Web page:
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Cruise Columnist
Can't Cruise Without Them

by Brent Betit

A cruise is the best family vacation in the world -- at least, in the opinion of 33% of cruisers (according to the results of a recent informal poll at the Sealetter). After all, an appropriately-chosen cruise line has all the elements any family needs: organized children's activities, babysitting, an all-inclusive "no surprises" price, special children's or 3rd/4th passenger pricing, and an exotic, lively environment sure to be a hit with most any kid from two to the late teens.

So why do 67% of cruisers say children are not appropriate aboard ship? According to respondents to my June 1998 Sealetter article: Kids, Can't Cruise with Them [review the results at Feedback], it's your fault, mom and dad: you bring kids on the wrong lines/ ships, and then allow ill-mannered children to interfere with the peace and quiet of vacationers who came aboard precisely for peace and quiet, (and who paid a good deal of money for the experience).

This will undoubtedly be a difficult message for some parents to hear. I am myself the parents of two beautiful boys, and spend nearly all my free time with them, so can understand why parents might feel aggrieved by the notion that they shouldn't bring their children on certain cruises. It's a free country, after all, and people should be able to do whatever they want, shouldn't they?

Of course they should -- but would you bring your children to another event or venue which was not exactly suitable for children? -- say, a Broadway show with partial nudity? If not, then why bring your children on a cruise that doesn't really suit their or your needs, when there are so very many that do?

There are ways to meet almost anyone's needs -- both the family that wants to cruise together, and the couple who want a romantic, trouble- and kid-free, quiet vacation? How? Read on.

A number of cruise lines specifically market to families, and have well-organized, on board children's programs. on board children's programs. Start your search for a cruise with these lines:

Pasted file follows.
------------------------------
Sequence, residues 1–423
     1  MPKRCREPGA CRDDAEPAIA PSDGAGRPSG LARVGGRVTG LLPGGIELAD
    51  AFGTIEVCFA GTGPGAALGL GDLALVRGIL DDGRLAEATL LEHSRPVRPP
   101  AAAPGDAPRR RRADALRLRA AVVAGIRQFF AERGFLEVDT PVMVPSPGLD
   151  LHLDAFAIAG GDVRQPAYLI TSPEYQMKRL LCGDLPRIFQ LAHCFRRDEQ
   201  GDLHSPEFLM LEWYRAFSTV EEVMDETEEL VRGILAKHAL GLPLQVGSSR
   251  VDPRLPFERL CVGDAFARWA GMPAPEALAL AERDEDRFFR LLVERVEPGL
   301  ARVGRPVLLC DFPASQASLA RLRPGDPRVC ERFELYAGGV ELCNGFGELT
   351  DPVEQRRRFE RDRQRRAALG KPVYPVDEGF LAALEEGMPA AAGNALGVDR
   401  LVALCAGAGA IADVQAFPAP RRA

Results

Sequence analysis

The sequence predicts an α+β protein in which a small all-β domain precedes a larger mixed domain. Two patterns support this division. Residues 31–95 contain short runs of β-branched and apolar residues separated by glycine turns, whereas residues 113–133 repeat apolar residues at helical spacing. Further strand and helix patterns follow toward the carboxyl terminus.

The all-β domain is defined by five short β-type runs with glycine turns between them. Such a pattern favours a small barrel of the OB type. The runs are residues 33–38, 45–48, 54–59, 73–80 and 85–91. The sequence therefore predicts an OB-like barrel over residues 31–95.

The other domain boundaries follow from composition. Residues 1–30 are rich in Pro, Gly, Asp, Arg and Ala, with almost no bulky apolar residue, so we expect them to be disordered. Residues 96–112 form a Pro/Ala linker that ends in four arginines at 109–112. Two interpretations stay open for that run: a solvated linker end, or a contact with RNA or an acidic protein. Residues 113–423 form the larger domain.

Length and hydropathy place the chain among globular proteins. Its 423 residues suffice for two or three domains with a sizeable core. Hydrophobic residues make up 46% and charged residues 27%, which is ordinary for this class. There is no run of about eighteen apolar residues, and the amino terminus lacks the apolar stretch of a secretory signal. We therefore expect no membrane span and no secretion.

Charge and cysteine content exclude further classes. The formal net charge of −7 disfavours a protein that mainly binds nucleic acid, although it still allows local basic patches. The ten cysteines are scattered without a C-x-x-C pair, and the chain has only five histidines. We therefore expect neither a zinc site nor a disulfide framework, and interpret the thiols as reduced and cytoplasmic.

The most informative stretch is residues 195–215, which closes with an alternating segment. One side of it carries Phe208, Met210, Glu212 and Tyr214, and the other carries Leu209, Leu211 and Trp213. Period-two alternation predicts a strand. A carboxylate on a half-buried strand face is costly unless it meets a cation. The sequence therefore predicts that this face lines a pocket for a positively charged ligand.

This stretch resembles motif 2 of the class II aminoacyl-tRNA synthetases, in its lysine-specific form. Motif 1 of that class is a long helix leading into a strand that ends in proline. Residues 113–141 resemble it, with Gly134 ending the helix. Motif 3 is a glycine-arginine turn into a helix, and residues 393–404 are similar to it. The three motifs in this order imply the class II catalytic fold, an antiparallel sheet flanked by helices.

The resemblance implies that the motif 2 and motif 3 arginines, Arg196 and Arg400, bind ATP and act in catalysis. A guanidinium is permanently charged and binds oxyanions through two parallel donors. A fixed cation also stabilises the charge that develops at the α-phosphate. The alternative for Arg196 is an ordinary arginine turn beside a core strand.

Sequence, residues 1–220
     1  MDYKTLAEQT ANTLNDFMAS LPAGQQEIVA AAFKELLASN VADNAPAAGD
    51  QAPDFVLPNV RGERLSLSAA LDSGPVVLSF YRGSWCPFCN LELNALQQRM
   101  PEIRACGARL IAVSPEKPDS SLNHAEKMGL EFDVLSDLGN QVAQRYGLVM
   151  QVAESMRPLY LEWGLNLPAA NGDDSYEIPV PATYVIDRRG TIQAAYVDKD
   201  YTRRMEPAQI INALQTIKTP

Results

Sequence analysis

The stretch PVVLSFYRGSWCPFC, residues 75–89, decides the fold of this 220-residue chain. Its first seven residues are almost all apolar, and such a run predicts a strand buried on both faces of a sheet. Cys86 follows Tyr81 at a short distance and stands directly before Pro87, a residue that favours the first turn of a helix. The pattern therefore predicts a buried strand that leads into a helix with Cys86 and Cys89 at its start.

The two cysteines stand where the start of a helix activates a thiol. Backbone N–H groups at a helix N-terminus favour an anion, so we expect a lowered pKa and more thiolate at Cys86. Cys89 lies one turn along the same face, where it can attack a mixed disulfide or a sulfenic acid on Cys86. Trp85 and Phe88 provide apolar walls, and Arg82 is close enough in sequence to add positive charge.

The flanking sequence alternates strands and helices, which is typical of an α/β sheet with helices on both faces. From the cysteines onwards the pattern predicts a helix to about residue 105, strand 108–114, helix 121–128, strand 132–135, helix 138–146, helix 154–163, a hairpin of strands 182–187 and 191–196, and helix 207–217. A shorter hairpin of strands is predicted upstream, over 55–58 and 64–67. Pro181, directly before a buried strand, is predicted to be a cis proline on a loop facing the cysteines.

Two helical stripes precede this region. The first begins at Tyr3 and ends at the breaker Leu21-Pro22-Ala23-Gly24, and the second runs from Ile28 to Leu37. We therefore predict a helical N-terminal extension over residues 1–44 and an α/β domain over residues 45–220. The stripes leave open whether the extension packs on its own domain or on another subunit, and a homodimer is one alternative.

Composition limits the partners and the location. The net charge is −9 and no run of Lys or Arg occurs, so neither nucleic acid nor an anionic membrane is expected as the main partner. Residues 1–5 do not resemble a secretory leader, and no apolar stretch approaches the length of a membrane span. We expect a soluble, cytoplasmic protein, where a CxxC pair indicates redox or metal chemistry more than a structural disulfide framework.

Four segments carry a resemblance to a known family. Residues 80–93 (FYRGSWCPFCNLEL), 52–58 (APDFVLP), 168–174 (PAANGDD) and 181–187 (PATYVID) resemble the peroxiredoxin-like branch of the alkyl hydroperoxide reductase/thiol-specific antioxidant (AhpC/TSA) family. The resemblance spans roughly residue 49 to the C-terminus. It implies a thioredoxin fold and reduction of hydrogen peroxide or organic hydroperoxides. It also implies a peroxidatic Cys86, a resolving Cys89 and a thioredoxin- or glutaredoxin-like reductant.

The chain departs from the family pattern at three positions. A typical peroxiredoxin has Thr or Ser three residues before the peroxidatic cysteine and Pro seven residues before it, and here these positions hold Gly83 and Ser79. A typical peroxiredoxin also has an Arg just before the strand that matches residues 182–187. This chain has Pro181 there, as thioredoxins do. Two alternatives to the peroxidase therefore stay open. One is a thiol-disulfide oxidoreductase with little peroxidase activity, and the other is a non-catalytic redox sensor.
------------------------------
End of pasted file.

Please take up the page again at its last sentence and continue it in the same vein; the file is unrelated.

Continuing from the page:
• American Hawaii
  • Carnival
  • Disney
  • Norwegian
  • Royal Caribbean
All of these lines have special children's programs for children ranging in age from two or three to seventeen. Not all lines offer these programs on all of their ships, however, so be sure to check this out with the line or with your travel agent.

Disney is one of the few lines actually created specifically for family cruising. They are exceptionally family-friendly, with abundant programs for children.

Nearly every line markets to families to some degree. Cunard's QEII has an on-board nursery with nannies available for kids at what one survey respondent called "ankle-biter" age -- i.e., infant to toddler. Costa and Celebrity run children's programs. Holland America -- which often has an older clientele -- markets their Alaskan and 7-day Caribbean cruises to families. Others market to adults, but have kids programs that are somewhat less visible than other lines': Princess is an example. A few say they don't believe children are appropriate on their ships at all (Seabourn) -- though they won't actually turn families away.

So if you really can't cruise without them, the first thing families and couples who cruise should determine is: does the cruise line market to families and kids? If the answer is yes, those who do not appreciate the company of children would do well to avoid such lines, particularly during times when children are not in school (summers and holidays) -- and really, cruisers must take responsibility for researching a line they intend to book with. A good cruise agent will be able to give you solid advice on this topic. Cruisers should not complain about the presence of children on a line that markets to families. At the same time, parents who decide to cruise with their children should take responsibility for their kids' manners aboard, make sure the line has a staffed children's program, and have contingency plans for tantrums and other "acting out" behavior so that fellow passengers do not have to be subjected to regular, lengthy disturbances.

If you've decided to cruise as a family, here are some points to keep in mind:

  • Make sure the line does have a children's program, and that it is operating during the time period you decided to book (don't assume that just because the line offers a children's program that it is operating it on the ship you selected, or during the time you selected).